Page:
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Le monde en 2030 : un panoptique génétique ?

Dans le flot de ses prédictions pour 2030, le très technophile magazine en ligne Wired s’inquiète des conséquences du déluge de données génétiques attendues pour les prochaines années. Pour éviter le “panoptique génétique”, genetic panopticon, image foucaldienne d’une surveillance individuelle généralisée, et la fin de la vie privée génétique, il serait urgent de réfléchir à un encadrement législatif adéquat. 

If you think you’re currently living in the age of Big DNA, think again. The next decade will see a more than hundredfold boom in the world’s output of human genetic data. The drop in sequencing costs is shifting DNA testing out of the research lab and into mainstream medical practice. Population-based sequencing projects in more than a dozen countries, including the US, are expected to produce 60 million genomes by 2025. By 2030, China hopes to add another 100 million from its own precision medicine initiative. The impact is hard to even imagine. To date, only about a million people have had their whole genomes sequenced. And it’s not a very diverse cohort. More data from all over the globe will allow for more powerful, fine-grained analyses of how genes shape health and behavior. Very large genetic data sets are ideal for a new technique called Mendelian randomization, which mimics clinical trials, allowing researchers to tease apart causes and correlations. Bigger samples will also make it possible to forecast even complex traits—like height or susceptibility to heart disease—from DNA. A world so saturated with genetic data will come with its own risks. The emergence of genetic surveillance states and the end of genetic privacy loom. Technical advances in encrypting genomes may help ameliorate some of those threats. But new laws will need to keep the risks and benefits of so much genetic knowledge in balance” alerte Megan Molteni, l’auteur de l’article.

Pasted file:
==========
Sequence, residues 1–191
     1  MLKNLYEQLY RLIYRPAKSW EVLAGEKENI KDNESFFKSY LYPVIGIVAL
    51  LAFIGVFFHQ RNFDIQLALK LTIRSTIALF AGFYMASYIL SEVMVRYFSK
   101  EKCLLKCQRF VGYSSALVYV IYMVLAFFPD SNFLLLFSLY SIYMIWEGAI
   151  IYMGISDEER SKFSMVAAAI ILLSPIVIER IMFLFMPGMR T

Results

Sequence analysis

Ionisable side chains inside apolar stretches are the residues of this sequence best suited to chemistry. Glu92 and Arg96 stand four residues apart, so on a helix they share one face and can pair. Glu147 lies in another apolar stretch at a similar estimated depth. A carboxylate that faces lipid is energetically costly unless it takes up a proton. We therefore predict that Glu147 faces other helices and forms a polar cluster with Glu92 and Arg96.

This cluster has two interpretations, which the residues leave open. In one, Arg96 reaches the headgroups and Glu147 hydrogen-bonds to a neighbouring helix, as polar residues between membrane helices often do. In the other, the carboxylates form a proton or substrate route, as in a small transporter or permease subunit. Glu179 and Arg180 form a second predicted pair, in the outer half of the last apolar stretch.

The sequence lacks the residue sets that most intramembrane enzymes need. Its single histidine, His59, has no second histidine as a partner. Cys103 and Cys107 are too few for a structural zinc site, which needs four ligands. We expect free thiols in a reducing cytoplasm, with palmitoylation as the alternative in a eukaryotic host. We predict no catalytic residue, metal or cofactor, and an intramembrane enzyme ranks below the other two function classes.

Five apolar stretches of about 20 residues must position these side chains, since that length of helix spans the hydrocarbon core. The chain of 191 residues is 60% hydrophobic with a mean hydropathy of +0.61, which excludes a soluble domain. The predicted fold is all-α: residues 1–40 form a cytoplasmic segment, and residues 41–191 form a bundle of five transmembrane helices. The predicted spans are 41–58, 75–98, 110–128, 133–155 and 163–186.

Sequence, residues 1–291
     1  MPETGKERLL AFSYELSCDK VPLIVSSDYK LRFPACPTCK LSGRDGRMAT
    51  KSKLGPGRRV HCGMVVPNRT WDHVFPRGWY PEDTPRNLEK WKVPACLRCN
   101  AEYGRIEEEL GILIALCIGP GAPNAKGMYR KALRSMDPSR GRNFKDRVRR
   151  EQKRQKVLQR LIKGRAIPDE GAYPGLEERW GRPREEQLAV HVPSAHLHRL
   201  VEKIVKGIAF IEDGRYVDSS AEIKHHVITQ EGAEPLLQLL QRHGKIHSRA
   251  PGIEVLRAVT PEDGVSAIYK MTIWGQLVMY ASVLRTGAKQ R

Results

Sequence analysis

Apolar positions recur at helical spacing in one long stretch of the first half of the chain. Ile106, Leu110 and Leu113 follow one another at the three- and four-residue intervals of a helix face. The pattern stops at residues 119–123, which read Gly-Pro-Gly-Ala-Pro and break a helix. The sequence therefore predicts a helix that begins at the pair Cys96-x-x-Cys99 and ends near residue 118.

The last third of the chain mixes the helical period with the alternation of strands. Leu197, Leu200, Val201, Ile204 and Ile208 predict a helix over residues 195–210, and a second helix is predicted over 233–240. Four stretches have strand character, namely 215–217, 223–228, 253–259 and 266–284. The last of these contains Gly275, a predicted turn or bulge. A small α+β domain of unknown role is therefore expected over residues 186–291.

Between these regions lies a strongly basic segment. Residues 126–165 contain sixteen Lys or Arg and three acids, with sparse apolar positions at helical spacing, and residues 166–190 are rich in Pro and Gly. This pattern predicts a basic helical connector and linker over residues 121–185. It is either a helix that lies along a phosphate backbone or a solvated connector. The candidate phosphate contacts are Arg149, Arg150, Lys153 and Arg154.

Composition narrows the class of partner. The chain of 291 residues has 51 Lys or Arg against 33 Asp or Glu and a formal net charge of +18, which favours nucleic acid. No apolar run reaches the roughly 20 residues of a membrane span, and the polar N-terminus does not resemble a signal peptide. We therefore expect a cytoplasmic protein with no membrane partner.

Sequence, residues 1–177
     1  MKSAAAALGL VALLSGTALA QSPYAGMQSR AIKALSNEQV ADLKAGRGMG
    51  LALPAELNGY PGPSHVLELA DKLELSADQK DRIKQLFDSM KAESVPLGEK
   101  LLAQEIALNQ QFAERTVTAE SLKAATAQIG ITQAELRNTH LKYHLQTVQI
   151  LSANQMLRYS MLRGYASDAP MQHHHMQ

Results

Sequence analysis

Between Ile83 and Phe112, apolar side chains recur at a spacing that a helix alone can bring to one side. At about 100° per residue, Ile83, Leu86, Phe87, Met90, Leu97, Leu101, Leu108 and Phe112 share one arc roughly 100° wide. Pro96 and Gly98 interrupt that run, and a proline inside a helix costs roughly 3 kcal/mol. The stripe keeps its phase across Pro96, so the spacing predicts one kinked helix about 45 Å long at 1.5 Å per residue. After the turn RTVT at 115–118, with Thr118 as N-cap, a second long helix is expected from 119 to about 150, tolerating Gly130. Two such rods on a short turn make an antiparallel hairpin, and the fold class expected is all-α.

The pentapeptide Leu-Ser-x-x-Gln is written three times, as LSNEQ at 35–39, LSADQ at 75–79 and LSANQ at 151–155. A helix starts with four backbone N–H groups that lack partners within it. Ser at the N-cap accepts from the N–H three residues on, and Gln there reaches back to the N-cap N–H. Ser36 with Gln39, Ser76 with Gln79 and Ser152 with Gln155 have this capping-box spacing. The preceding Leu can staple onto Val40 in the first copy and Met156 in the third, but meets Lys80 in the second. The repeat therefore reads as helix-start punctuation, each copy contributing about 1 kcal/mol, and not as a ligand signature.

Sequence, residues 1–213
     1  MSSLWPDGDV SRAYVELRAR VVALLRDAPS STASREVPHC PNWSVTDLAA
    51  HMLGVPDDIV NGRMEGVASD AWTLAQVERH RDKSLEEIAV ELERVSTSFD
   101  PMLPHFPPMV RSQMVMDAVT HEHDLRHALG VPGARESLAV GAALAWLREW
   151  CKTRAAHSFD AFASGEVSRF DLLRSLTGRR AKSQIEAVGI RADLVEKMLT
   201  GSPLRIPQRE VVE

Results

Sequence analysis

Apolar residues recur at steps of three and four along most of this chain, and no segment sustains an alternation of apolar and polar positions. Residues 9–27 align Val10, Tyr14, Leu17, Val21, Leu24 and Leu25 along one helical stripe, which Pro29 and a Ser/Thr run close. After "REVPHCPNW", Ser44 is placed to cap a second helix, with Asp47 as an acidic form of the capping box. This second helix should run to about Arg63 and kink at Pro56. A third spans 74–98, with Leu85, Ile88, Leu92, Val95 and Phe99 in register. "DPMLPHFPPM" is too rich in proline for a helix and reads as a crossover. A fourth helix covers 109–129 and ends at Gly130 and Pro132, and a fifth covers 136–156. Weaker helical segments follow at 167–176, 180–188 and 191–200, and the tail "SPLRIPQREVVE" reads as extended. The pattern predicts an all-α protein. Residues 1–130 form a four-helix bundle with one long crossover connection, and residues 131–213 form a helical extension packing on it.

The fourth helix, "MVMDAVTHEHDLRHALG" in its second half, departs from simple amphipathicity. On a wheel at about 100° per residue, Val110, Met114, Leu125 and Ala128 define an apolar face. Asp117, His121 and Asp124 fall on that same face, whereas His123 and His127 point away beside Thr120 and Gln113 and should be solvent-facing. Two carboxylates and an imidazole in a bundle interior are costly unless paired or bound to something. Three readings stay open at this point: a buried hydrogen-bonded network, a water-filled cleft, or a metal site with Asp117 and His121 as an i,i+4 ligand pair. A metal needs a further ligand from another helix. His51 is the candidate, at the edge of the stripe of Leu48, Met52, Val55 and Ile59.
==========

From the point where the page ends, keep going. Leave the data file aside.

Megan Molteni. Here’s What the World Will Look Like in 2030 … Right ? These six visions from humans today span space colonies, a genetic panopticon, and straight-up apocalypse. Wired. 1er janvier 2020.


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